EPP: interpretable score of model predictive power

08/24/2019
by   Alicja Gosiewska, et al.
0

The most important part of model selection and hyperparameter tuning is the evaluation of model performance. The most popular measures, such as AUC, F1, ACC for binary classification, or RMSE, MAD for regression, or cross-entropy for multilabel classification share two common weaknesses. First is, that they are not on an interval scale. It means that the difference in performance for the two models has no direct interpretation. It makes no sense to compare such differences between datasets. Second is, that for k-fold cross-validation, the model performance is in most cases calculated as an average performance from particular folds, which neglects the information how stable is the performance for different folds. In this talk, we introduce a new EPP rating system for predictive models. We also demonstrate numerous advantages for this system, First, differences in EPP scores have probabilistic interpretation. Based on it we can assess the probability that one model will achieve better performance than another. Second, EPP scores can be directly compared between datasets. Third, they can be used for navigated hyperparameter tuning and model selection. Forth, we can create embeddings for datasets based on EPP scores.

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1 Introduction

The measurement of performance is the foundation of the model selection and hyperparameter tuning. The choice of the algorithm strongly relies on the choice of an evaluation measure. The task of evaluation score selection may be challenging, especially there are whole articles devoted only to the selection of various measures and their properties (Powers, 2008).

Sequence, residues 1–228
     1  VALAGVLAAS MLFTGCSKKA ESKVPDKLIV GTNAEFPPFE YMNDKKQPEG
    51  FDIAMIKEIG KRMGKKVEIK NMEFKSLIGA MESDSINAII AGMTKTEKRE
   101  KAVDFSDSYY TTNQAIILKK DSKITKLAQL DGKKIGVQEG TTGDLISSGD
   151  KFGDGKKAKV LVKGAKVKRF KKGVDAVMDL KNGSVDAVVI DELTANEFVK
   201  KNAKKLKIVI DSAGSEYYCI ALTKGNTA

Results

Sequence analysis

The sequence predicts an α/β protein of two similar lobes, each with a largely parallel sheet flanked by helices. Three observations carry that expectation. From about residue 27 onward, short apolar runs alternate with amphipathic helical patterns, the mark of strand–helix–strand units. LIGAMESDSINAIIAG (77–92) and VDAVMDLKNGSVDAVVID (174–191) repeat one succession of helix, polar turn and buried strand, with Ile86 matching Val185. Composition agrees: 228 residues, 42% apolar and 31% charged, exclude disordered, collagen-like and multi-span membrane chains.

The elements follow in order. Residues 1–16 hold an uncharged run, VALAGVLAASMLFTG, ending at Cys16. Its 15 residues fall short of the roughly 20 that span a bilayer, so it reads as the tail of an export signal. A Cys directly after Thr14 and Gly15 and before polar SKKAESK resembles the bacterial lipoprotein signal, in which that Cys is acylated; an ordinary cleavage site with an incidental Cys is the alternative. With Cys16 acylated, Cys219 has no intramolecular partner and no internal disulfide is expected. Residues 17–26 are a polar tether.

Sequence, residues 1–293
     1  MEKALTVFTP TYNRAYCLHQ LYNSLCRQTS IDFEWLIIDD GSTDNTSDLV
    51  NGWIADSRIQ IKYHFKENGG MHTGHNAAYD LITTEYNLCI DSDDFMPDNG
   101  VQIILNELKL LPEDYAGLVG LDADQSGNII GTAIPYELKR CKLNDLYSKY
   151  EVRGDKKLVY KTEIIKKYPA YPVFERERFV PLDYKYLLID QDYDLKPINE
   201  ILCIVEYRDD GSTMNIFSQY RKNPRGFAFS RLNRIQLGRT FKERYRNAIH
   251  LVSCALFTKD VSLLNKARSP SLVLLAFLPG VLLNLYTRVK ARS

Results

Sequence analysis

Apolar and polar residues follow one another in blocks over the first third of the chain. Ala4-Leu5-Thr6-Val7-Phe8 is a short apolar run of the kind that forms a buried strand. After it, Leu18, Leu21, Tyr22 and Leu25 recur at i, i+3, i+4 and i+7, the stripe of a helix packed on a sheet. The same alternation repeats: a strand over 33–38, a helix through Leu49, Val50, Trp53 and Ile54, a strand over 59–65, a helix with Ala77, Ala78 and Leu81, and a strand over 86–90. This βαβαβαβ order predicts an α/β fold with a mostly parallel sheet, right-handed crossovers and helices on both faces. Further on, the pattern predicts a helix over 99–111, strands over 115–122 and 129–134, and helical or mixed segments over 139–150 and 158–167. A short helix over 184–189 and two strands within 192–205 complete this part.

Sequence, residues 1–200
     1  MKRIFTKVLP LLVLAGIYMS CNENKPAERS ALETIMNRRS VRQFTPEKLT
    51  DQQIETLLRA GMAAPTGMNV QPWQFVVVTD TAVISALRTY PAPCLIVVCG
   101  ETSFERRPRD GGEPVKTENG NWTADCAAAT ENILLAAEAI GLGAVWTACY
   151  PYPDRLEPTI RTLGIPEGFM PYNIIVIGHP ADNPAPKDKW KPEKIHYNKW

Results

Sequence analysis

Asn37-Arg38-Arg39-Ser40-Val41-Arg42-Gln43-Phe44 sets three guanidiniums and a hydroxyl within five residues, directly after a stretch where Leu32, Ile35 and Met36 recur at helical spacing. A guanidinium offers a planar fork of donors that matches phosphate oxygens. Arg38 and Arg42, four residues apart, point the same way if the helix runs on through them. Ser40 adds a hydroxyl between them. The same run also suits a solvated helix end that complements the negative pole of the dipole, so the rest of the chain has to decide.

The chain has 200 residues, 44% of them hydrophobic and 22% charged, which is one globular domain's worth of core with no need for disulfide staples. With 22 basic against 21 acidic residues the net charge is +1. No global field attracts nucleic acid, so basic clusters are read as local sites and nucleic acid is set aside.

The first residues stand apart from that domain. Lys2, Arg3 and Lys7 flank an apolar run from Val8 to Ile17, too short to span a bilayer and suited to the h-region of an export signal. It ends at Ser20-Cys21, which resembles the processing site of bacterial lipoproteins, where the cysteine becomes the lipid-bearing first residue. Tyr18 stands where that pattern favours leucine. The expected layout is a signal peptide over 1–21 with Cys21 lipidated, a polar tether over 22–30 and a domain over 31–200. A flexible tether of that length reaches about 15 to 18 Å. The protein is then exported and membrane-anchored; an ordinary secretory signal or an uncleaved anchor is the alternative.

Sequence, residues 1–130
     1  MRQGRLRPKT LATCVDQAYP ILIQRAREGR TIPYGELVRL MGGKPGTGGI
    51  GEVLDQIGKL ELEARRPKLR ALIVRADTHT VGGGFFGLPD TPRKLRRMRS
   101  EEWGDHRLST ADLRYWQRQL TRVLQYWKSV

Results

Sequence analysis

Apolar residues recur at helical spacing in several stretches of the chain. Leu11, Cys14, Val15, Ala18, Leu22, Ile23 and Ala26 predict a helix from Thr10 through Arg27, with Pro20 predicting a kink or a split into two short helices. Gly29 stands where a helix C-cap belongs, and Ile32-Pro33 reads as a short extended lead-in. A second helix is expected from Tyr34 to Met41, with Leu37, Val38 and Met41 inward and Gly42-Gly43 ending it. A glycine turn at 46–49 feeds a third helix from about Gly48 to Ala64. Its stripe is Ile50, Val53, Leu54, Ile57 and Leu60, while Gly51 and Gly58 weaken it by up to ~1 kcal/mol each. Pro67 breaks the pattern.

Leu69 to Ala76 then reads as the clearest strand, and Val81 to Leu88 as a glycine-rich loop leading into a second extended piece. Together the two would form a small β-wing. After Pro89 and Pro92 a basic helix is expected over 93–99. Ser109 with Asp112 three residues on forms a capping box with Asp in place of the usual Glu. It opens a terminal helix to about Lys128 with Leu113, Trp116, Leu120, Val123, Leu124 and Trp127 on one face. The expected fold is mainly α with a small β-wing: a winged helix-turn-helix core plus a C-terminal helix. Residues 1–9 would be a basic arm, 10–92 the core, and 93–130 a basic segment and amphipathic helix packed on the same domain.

For example, in binary classification problems, one of the most common measures is Area Under the ROC Curve (AUC) (Sokolova and Lapalme, 2009)

. However, if there is a high cost associated with False Negative examples, we would rather use Recall instead of AUC. If costs of False Positives is high we would use Precision. If we care about balance between precision and recall we should use F1

(Goutte and Gaussier, 2005).

In this paper, we will show weaknesses of the most common measures, such as AUC, F1, ACC for binary classification, or RMSE, MAE for regression, or cross-entropy for multilabel classification and propose our novel measure EPP (Elo-based Predictive Power).

The paper is organized as follows. In Section 2 we present weaknesses of most common performance measures. In Section 3 we describe the idea of Elo score. In Section 4 we introduce Elo-Based Predictive Power (EPP) measure and address all weaknesses pointed out in Section 2. In Section 5 we show experiments and applications of EPP score. In Section 6 we discuss possible extensions of EPP.

2 What is wrong with most common measures?

In this section, we will point out four weaknesses of the most popular performance measures. We introduce examples for the AUC measure, however, reasoning would apply to other measures, such as F1, MSE, or cross-entropy. Each subsection correponds to a different issue.

2.1 There is no interpretation of differences in performance

Team AUC
Erkut & Mark,Google AutoML 0.618492
Erkut & Mark 0.616913
Google AutoML 0.615982
Erkut & Mark,Google AutoML,Sweet Deal 0.615858
Sweet Deal 0.615766
Arno Candel @ H2O.ai 0.615492
ALDAPOP 0.615040
9hr Overfitness 0.614371
Shlandryn 0.614132
Erin (H2O AutoML 100 mins) 0.612657